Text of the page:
What ‘pillar’ of the EU does not challenge state sovereignty, does not raise conflicting currency issues and does not spark fierce debates regarding public regulations, whilst actively working towards integration? A tough question? This article examines what the European Union has done for education across the continent and why we should not forget about it, particularly at a time of hardship.
In ten years, mobile phones have become a transgenerational and transclass good, particularly in Europe, where the penetration rate is higher than in Japan or the US. The mobile phone has hence become the most democratized device of the 21st century. The EU has been a decisive actor in promoting cheaper prices and consumer rules.
Nearly 20 years after the beginning of the removal of border controls, the Schegen area constitutes one of the major achievements of the European integration. It gathers 26 countries among which 4 are not within the EU. It is often cited by Europeans as something they like about the EU. However, it has been put into question after the Arab Spring (spring 2011) and is currently undergoing a reform, which creates a great debate especially between several visions of European integration.
The European Union foreign policy is generally harshly criticised. The very fact that the EU might be an actor in international relations is often questioned. Indeed, the EU foreign policy has demonstrated in the years to have several shortcomings, and sometimes to lack the necessary consistency and efficacy. But this is not what this article is about.
Is there a difference in treatment between natural science and humanities at national and European level? If yes, why is it so? What are the obstacles humanities are facing when it comes to funding? What is the EU position from this perspective? To answer these questions and highlight the differences between natural science and humanities research in Europe we interviewed Colm Lennon, Secretary for the Humanities and Social Sciences in the Royal Irish Academy and member of a Working Group on Social Sciences and Humanities of ALLEA (ALL European Academies: European Federation of Sciences and Humanities).
The European Union’s growth strategy for the period 2010-2020, known as Europe 2020, aims to make the EU ‘smart, sustainable and inclusive’ by improving skills and education, modernising industry, and also, by boosting research and innovation. Its financial instruments, the FP7 (2007-2013) and Horizon 2020 (2014-2020) contribute to this agenda, as does its funding to projects with an international dimension such as the CERN and Project ITER.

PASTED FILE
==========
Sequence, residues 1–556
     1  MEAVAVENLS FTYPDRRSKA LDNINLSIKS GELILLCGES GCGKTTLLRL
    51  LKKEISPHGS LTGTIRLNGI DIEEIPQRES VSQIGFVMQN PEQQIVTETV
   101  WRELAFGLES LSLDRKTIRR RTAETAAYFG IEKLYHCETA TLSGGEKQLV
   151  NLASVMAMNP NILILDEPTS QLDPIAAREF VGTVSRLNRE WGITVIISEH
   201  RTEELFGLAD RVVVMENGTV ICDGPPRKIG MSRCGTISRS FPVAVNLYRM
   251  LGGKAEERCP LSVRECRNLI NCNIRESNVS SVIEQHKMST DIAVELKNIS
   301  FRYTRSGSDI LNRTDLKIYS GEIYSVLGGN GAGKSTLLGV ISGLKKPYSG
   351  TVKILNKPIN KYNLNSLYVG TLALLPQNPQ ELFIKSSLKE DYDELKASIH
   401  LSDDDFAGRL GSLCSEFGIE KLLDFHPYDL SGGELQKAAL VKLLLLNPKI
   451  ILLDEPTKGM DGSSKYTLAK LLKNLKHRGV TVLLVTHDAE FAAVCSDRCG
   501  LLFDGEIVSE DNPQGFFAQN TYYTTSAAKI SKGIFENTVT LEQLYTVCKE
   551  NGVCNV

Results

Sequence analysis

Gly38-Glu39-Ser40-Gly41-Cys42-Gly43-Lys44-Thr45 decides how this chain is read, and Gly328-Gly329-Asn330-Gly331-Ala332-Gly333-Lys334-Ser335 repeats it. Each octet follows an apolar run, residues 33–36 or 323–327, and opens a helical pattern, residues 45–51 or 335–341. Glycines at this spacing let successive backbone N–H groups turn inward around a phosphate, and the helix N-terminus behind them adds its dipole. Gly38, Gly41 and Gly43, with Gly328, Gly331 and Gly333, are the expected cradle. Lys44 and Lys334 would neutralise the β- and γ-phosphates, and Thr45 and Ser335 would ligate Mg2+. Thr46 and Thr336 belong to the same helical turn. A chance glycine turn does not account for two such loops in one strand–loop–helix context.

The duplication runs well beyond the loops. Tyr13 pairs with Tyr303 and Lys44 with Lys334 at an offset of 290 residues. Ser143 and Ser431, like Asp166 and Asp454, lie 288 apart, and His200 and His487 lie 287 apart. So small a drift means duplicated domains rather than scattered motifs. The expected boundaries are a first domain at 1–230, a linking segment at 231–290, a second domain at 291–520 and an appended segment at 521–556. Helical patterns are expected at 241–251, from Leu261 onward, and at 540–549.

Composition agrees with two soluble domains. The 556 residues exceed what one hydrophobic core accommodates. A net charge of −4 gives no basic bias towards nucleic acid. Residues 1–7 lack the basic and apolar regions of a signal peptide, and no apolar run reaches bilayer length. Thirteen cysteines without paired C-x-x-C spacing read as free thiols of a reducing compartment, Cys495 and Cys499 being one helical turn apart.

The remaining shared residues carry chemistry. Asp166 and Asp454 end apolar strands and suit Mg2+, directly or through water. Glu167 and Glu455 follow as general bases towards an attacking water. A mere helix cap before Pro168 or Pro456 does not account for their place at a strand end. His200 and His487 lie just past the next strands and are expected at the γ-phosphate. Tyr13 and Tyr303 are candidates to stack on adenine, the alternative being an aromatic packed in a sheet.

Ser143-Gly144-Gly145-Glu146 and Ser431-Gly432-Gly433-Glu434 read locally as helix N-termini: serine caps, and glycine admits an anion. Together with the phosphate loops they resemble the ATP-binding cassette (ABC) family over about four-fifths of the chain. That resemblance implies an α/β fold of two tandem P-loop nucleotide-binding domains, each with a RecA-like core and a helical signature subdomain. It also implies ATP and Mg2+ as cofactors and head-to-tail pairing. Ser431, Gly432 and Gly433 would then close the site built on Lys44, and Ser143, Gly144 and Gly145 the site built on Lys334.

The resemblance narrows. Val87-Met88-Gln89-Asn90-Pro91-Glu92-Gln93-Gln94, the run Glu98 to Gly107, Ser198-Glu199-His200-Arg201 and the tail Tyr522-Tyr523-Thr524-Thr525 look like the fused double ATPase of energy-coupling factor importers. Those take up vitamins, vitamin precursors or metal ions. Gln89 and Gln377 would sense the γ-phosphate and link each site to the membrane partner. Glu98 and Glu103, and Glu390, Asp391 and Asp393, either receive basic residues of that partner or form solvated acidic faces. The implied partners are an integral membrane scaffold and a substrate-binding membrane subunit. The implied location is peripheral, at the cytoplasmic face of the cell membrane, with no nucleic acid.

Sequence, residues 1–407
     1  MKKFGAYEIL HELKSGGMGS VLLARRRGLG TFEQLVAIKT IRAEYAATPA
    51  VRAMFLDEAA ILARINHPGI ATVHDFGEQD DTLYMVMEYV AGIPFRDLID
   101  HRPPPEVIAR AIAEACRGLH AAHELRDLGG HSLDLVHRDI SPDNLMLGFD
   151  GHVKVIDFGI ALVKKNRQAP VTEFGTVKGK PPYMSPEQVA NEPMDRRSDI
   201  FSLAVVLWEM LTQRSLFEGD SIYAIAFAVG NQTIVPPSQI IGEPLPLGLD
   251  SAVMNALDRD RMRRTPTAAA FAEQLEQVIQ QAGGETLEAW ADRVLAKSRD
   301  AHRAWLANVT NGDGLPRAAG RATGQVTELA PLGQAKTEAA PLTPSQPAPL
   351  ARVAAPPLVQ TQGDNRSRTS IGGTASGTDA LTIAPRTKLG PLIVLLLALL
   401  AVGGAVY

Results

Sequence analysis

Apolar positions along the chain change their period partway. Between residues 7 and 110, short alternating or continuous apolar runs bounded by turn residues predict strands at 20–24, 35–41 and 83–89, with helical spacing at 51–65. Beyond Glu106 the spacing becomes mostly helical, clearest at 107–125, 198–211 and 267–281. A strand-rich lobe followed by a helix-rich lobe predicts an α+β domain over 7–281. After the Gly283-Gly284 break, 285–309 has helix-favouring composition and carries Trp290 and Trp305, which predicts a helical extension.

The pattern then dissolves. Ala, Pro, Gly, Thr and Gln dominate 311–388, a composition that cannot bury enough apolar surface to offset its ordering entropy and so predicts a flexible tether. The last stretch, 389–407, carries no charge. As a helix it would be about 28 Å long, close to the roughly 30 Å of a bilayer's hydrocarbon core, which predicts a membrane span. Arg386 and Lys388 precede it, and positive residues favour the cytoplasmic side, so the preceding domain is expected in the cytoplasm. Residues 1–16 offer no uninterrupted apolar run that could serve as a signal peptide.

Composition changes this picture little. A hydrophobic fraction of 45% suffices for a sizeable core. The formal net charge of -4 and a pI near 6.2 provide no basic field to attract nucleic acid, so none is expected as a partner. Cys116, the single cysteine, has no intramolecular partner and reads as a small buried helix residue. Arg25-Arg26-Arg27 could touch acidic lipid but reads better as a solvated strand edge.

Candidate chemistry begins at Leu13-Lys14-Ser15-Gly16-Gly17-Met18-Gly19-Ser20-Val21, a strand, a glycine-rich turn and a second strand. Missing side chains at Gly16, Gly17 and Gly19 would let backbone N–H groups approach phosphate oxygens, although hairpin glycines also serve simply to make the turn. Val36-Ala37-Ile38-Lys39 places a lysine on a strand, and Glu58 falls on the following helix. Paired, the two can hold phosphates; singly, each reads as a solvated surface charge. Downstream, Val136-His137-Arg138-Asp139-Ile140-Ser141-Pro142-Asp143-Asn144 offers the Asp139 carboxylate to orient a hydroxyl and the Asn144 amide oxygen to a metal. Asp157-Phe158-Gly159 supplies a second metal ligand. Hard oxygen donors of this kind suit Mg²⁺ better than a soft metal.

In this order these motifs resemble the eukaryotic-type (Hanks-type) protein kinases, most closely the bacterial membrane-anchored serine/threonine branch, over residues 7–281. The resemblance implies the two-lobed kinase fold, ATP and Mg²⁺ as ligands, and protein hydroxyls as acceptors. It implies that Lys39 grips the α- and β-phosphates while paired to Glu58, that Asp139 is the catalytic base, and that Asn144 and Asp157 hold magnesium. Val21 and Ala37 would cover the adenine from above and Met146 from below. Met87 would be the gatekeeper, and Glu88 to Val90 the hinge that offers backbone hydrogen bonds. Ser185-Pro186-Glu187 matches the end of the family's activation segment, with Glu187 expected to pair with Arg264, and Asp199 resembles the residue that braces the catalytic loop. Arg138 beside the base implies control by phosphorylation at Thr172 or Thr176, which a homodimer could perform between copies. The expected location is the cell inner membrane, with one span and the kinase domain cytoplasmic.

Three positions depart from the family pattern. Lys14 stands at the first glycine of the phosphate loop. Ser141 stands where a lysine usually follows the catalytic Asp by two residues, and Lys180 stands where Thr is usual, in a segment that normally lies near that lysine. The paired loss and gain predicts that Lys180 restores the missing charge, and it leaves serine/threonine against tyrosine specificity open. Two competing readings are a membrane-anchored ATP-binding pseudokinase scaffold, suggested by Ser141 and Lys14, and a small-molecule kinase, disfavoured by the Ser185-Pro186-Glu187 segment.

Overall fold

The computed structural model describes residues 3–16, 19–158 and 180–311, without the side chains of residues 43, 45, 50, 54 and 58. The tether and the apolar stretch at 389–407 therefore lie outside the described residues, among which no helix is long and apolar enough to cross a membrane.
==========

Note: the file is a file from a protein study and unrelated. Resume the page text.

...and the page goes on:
On 2 April 2013, the Prime Ministers of Serbia and Kosovo will announce the latest and most challenging deal reached between the two nations within the EU-mediated dialogue. Over the past two years, major agreements have been reached in an effort to normalise relations between Serbia and its former province, currently recognised as an independent state by 98 countries. While history is being written, it is important to revisit what has been agreed upon and implemented to date while also reflecting on the way forward to reach a lasting solution for the Kosovo conflict.
As the EU-mediated dialogue between Belgrade and Pristina scores tangible results so is the enlargement process. Both processes are inextricably linked. While Serbia is expected to open EU accession negotiations during the Irish presidency (first half of 2013), Kosovo could only be given a pat on the shoulder and fail short of receiving a green light for the start of negotiations on a Stabilisation and Association Agreement (SAA).
Hot debates about immigration, economic crises or international issues often posit that Eastern Europe is a coherent whole, despite the diversity of countries it denotes. True, their common soviet past and its aftermath easily come to mind when we think about this particular half of Europe. Yet “Eastern Europe” as a political term (and no mere geography) is no longer relevant, argues journalist Anne Applebaum at the London School of Economics (LSE).
Anil Markandya has worked as an environmental economist for over thirty years. He has held academic positions at the universities of Princeton, Berkeley and Harvard in the USA and at University College London and Bath University in the UK. He has served as an advisor to several governments and international organisations.